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The presence of food contaminants can cause foodborne illnesses, posing a severe threat to human health. Therefore, a rapid, sensitive, and convenient method for monitoring food contaminants is eagerly needed. The complex matrix interferences of food samples and poor performance of existing sensing probes bring significant challenges to improving detection performances. Nanocomposites with multifunctional features provide a solution to these problems. The combination of the superior characteristics of magnetic nanoparticles (MNPs) and quantum dots (QDs) to fabricate magnetic fluorescent quantum dots (MNPs@QDs) nanocomposites are regarded as an ideal multifunctional probe for food contaminants analysis.

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Table of Contents

    1. Introduction

    Currently, the preparation methods of MNPs@QDs have been reported with numerous literature [1][2]. The key points to consider in the reasonable integration of MNPs and QDs into multifunctional MNPs@QDs nanocomposites is whether the two components are firmly combined, and interact without causing loss of magnetic and fluorescent performance. Furthermore, its properties such as dispersibility, stability, biocompatibility and desirable surface functionalization are also related to its practical applications. Although the compositions and morphologies of these nanocomposites perform differently, most strategies can be divided into five categories: heterocrystalline growth, template embedding, LBL assembly, microemulsion technique and one-pot method.

    2. Hetero-Crystalline Growth

    Hetero-crystalline growth usually combines MNPs and QDs in either core-shell or two asymmetric nanoparticles (heterodimers). The deposition of semiconductor materials on the prefabricated magnetic nanocrystals by decomposing the precursors at high temperatures generate the formation of MNPs@QDs nanocomposites with distinct functional domains. The typical core-shell structures were reported such as Co@CdSe [3], Fe3O4/CdSe/ZnS [4][5], and Fe3O4@PANI/CQDs [6]; and heterodimer structures such as FePt-Pb (S, Se) [7], FePt@CdS [8], Fe2O3-CdSe [9][10], Fe3O4-CdS (Se) [11][12]. Gu et al. reported a simple synthesis route for producing heterodimer nanoparticles by employing lattice mismatching and high-temperature decomposition [8]. In the presence of oleylamine and oleic acid, Fe@Pt was firstly formed at high-temperature decomposition. Subsequently, S and Cd were successively deposited on the surface of Fe@Pt to form metastable core-shell nanostructures at 100 °C. With the increase of solution temperature to 280 °C, the amorphous CdS on the sphere’s surface was transformed into a crystal and formed heterodimers FePt@CdS nanoparticles with an appropriate size of 7 nm and a QY of 3.2% (Figure 1a) The core-shell or heterodimer MNPs@QDs all strongly depend on the lattice mismatch between the MNPs and QDs components, and synthesis conditions such as the reaction temperature, surface capping agents and the addition order of the precursors [7][8].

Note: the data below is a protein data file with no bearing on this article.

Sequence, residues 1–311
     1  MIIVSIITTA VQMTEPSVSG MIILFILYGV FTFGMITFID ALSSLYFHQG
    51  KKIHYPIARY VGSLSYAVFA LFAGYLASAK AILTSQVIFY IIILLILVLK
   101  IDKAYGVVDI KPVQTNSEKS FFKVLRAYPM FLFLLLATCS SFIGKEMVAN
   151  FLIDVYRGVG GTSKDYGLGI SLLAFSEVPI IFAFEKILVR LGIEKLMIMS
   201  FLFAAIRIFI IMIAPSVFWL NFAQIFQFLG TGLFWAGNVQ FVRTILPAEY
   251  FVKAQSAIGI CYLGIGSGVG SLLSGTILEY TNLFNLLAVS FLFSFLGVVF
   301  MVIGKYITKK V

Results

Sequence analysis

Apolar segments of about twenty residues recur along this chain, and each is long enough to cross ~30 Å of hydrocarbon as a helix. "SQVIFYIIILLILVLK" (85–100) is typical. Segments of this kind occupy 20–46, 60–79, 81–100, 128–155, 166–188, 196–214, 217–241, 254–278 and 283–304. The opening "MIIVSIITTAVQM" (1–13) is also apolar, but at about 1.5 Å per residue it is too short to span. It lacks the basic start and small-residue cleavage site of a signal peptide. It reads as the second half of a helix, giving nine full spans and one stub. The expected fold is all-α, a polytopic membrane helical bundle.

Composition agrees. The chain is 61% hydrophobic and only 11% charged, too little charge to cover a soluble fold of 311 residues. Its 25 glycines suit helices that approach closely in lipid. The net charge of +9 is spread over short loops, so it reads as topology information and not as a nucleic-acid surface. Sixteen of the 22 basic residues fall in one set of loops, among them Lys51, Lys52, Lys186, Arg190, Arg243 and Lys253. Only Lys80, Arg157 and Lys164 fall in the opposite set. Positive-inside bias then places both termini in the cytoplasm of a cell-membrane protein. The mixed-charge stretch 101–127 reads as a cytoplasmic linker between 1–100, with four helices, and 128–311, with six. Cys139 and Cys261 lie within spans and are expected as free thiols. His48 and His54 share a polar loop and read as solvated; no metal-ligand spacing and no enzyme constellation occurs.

Figure 1. Schematic diagram of five preparation methods of MNPs@QDs nanocomposites. (a) Hetero-crystalline growth; (b) Template embedding; (c) Layer-by-layer assembly constitute of (i) non-covalent binding and (ii) covalent binding; (d) Microemulsion technique; (e) One-pot method.
    Although the hetero-crystalline growth method was first reported for preparing MNP@QDs, the main problems of the method are the inability to optimize the properties of the nanocomposites, undesirable magnetic responsiveness, low QY, and lack of functional groups, which make it challenging to satisfy the diversified requirements of food contaminants analysis. The initial nanocrystals can be prepared under optimal conditions; however, in the preparation of subsequent components, the initial crystals may be subject to a series of temperature variations that affect their structure. Moreover, the undesirable interfacial interaction between MNPs and QDs may cause the loss of the dual performances of MNPs@QDs. The inner filter effect (IFE) (non-radioactive quenching) induced by MNPs and the poor crystal quality of QDs lead to the QY of MNPs@QDs usually less than 10%. For example, after passivating the surface layer of Fe3O4@CdSe by ZnS, the QY was increased from 2–3% to 10–15% [13]. This value was still much lower than that of standard CdSe/ZnS QDs alone [14]. The magnetism of MNPs is relatively easy to maintain, but interfacial doping or instability between two lattices may result in disorder in MNPs structure [15]; it is still a troublesome problem in the currently reported research by hetero-crystalline growth method.

    3. Template Embedding

    Template embedding usually encapsulates the discrete preformed MNPs and QDs into the liposomes [16], micelles [17][18], silica [19][20][21][22][23][24][25], and polymer materials [26][27][28][29][30] simultaneously to obtain MNPs@QDs. The spatial separation between MNPs and QDs helps avoid the mutual interference between the two components, reducing the possibility of reduced magnetic responsiveness or fluorescence quenching.